References of "Byram, Michael 50009112"
     in
Bookmark and Share    
Full Text
Peer Reviewed
See detailAre Researchers in Europe European Researchers? A Study of Doctoral Researchers at the University of Luxembourg.
Hu, Adelheid UL; Byram, Michael UL; Rahman, Mizanur

in Studies in Higher Education (2017)

Detailed reference viewed: 105 (14 UL)
Full Text
Peer Reviewed
See detailDeveloping intercultural citizenship education in the language classroom and beyond
Byram, Michael UL; Porto, Melina

in Argentinian Journal of Applied Linguistics (2015), 3(2), 9-29

In this article we argue that the aims and objectives of foreign language teaching can and should be combined with those of education for citizenship. We call this intercultural citizenship, which others ... [more ▼]

In this article we argue that the aims and objectives of foreign language teaching can and should be combined with those of education for citizenship. We call this intercultural citizenship, which others refer to as world, global or cosmopolitan citizenship. We begin by explaining the purposes of foreign language teaching and then introduce the notion of criticality in education systems. We also analyse the notion of education for citizenship and focus upon its potential for encouraging learners to identify with groups of people taking action beyond the limits of the state and its boundaries. Finally, we illustrate intercultural citizenship in practice. [less ▲]

Detailed reference viewed: 126 (3 UL)
Peer Reviewed
See detailLanguages and other priorities in the Leathes Report to the British Government (1918)
Byram, Michael UL

in Reinfried, Marcus (Ed.) Français, anglais et allemand : trois langues rivales entre 1850 et 1945 (2015)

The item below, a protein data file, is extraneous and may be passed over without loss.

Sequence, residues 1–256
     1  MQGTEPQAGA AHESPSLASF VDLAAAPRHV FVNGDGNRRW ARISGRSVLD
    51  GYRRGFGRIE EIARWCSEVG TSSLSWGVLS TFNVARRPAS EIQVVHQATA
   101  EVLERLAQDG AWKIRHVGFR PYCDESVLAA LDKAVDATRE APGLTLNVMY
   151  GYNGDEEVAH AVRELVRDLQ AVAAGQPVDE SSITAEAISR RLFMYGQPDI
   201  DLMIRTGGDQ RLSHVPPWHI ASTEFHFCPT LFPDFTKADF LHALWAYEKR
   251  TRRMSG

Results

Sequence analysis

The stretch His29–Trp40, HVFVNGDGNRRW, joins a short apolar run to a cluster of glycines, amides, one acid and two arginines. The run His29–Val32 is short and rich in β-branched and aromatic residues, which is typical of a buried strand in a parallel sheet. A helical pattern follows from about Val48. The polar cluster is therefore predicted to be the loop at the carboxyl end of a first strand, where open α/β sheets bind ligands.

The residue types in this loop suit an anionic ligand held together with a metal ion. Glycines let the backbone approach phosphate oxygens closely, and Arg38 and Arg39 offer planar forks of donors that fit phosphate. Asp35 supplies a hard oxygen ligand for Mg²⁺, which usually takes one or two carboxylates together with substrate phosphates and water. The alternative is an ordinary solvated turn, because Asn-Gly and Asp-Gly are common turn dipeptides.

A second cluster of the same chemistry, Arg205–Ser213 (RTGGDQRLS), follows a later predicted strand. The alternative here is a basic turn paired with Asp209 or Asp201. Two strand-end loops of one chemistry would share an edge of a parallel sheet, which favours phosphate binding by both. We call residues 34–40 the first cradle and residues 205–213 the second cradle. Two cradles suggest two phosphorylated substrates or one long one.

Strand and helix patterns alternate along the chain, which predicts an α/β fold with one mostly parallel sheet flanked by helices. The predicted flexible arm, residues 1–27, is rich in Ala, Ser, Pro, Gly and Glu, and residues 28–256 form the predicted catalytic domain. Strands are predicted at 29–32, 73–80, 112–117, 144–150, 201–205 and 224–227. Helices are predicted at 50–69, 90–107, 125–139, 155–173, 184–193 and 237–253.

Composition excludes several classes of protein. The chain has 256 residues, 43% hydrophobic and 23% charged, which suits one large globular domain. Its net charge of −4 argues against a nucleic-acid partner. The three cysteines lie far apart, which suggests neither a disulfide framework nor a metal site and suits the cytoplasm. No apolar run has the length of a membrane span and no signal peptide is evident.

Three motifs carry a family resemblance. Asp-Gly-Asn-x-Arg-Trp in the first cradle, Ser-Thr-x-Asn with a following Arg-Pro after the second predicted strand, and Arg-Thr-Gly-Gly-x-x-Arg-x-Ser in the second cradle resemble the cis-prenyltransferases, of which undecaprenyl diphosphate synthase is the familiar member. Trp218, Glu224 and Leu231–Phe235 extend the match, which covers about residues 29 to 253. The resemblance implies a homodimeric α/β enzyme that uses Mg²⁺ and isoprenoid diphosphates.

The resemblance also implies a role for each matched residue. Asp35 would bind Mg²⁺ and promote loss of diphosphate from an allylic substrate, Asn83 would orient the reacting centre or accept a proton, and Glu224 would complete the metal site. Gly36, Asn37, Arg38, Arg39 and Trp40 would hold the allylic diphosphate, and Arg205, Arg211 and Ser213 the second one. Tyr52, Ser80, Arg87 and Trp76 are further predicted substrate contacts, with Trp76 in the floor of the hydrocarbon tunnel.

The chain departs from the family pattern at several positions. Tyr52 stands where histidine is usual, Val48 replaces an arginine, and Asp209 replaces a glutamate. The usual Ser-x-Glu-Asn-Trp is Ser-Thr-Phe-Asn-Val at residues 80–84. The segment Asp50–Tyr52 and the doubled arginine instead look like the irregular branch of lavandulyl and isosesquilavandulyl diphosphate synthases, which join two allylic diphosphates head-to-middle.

Detailed reference viewed: 64 (3 UL)
Full Text
See detailDeveloping intercultural competence through education
Byram, Michael UL; Barrett, Martyn; Lázár, Ildikó et al

Book published by Council of Europe Publishing (2014)

This is the third book in the Pestalozzi series. The first, Teacher education for change, dealt with the underlying philosophy of the Pestalozzi Programme and its approach to education in general and ... [more ▼]

This is the third book in the Pestalozzi series. The first, Teacher education for change, dealt with the underlying philosophy of the Pestalozzi Programme and its approach to education in general and teacher education in particular. The second Intercultural competence for all, looked at the various implications of promoting the development of intercultural competence as a main concern of mainstream education. This work takes a step further towards the full integration of intercultural competences as a key element within the education system. It aims at offering an educational rationale and conceptual framework for the development of intercultural competence, as well as a clear description of its constitutive elements to be developed in and through education. [less ▲]

Detailed reference viewed: 564 (3 UL)
Peer Reviewed
See detailCompetence, Interaction and Action: Developing Intercultural Citizenship Education in the Language Classroom and Beyond
Byram, Michael UL

in Xiaodong, Dai; Guo-Ming, Chen (Eds.) Intercultural Communication Competence: Conceptualization and its Development in Cultural Contexts and Interactions (2014)

Detailed reference viewed: 123 (5 UL)
Full Text
Peer Reviewed
See detail25 years on - from cultural studies to intercultural citizenship
Byram, Michael UL

in Language, Culture and Curriculum (2014), 27(3), 209-225

Detailed reference viewed: 81 (5 UL)
Peer Reviewed
See detailIdentifications through languages
Byram, Michael UL

in Régis, Machart (Ed.) Intersecting Identities and Interculturality Discourse and Practice (2013)

Detailed reference viewed: 26 (2 UL)
Full Text